As summarized in Table 5, even though more than one hundred species have been identified in the genus Paenobacillus, relatively few have been found to cause human disease. The most common Paenobacillus species in human infections is P. alvei [16-21]. Isolated single cases of infection in man by P. polymyxa [22,23], P. macerans [24,25], and P. hongkongensis (possibly a contaminant) [26] have also been described. One patient was reported as having endocarditis caused by P. popilliae [27]. Recently, five new species of Paenibacillus, isolated from human blood, cerebrospinal fluid, and urine, have been described [28,29]. Of the 17 reported cases of Paenibacillus infection in humans, including the present study, 8 were found to have positive blood cultures, making blood the most common source for isolation of the bacteria from this genus.

The sources of infection by P. thiaminolyticus are unknown. Paenibacillus species are mainly environmental organisms [30]. They are not detectable on human skin [31]. Of the 8 reported cases of bacteremia (including this one), 2 identified medical devices as the source, ie, a hip prosthesis and a heart valve (Table 5). Since the indwelling subclavian catheter in our patient was the cause of pain that resulted in his coming to the emergency room, one may speculate that this device was the source of the bacteremia. However, culture of the indwelling subclavian catheter was negative for P. thiaminolyticus. On the other hand, this negative culture was obtained after antimicrobial therapy was instituted and one day after the third blood culture, which was negative for this organism. Thus this finding may have been due to antimicrobial therapy, especially since the organism was susceptible to all antimicrobial agents tested, except clindamycin. Furthermore, no other organisms were recovered from the catheter (except S. epidermidis as a skin contaminant) or the blood cultures.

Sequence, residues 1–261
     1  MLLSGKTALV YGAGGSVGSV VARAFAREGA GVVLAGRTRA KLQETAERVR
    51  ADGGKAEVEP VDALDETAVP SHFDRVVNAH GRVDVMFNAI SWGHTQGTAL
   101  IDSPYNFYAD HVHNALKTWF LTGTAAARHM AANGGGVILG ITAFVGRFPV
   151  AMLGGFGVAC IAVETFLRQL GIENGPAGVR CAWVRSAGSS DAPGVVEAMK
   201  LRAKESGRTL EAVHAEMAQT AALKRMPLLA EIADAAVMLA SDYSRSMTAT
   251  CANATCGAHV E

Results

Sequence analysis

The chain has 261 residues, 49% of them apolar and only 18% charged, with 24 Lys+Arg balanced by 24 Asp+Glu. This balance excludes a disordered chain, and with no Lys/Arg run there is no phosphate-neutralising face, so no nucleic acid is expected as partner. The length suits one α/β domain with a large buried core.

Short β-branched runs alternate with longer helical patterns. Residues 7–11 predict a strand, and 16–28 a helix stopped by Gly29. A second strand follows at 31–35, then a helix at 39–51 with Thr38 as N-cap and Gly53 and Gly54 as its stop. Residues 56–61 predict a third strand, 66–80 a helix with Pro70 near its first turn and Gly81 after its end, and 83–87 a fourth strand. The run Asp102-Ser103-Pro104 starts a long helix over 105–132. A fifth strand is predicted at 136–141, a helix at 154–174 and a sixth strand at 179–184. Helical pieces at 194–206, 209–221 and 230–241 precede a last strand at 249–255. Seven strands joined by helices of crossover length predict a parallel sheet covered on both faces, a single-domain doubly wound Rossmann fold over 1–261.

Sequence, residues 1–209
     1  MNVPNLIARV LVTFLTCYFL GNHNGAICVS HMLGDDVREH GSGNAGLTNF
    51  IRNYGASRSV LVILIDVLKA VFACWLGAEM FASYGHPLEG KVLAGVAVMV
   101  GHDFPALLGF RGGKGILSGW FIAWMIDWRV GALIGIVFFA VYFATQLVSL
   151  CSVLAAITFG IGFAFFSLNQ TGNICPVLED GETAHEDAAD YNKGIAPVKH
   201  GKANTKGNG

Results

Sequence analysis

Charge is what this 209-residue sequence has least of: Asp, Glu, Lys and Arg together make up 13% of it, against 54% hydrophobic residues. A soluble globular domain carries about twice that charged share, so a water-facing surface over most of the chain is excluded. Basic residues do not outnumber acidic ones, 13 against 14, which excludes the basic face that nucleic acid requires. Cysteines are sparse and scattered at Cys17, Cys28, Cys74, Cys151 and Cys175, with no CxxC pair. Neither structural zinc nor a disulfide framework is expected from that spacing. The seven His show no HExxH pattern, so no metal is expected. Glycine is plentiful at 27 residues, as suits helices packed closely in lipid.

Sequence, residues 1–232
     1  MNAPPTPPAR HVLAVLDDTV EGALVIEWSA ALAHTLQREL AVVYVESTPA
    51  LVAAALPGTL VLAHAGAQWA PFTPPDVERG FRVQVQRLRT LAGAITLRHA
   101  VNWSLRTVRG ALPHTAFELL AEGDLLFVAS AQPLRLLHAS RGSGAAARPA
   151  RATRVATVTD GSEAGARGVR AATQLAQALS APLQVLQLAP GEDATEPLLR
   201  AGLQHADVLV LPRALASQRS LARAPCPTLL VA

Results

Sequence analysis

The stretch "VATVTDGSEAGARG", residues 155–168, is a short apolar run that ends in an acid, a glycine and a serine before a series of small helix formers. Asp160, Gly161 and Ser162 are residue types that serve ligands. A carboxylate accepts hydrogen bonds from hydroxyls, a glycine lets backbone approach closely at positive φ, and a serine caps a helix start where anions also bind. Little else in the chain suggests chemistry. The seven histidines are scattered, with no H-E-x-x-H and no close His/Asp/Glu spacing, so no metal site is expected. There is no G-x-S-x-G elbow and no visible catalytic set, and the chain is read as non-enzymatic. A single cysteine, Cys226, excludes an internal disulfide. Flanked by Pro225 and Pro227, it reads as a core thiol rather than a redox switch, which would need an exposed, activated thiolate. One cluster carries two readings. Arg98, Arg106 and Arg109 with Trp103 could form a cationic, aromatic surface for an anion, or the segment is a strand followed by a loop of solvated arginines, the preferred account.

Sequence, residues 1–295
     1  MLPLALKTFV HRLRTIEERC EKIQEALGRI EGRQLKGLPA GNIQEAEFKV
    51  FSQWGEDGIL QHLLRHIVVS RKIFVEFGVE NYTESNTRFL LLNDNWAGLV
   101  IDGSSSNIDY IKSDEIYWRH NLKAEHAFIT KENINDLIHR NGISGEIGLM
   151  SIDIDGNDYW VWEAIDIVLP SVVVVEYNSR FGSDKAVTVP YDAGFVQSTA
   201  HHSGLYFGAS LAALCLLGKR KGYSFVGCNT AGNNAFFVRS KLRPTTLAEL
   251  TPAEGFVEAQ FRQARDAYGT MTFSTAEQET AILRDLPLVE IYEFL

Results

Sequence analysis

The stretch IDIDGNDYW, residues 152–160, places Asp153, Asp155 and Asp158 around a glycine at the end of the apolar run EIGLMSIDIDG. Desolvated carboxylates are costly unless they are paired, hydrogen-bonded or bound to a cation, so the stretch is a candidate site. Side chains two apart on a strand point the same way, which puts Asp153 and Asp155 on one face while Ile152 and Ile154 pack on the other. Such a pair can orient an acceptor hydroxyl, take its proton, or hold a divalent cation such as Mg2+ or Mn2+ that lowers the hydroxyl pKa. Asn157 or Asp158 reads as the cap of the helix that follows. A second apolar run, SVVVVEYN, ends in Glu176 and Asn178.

In summary, this is the first reported case of human infection, ie, bacteremia, by P. thiaminolyticus. There seems to be a predilection of the Paenibacilli to cause bacteremia. Since most of these organisms are susceptible to a wide range of anti-microbial agents, early identification will enable rapid, effective treatment.

Acknowledgments

This work was supported in part by National Institutes of Health Grant R01AI063477. The sequence reported in this paper has been deposited in the GenBank database (accession number EU420075).

References

1. Ash C, Priest FG, Collins MD. Molecular identification of rRNA group 3 bacilli (Ash, Farrow, Wallbanks and Collins) using a PCR probe test. Proposal for the creation of a new genus Paenibacillus. Antonie Van Leeuwenhoek. 1993;64:253–260. [PubMed]
2. Pei Z, Bini EJ, Yang L, Zhou M, Francois F, Blaser MJ. Bacterial biota in the human distal esophagus. PNAS USA. 2004;101:4250–4255. [PubMed]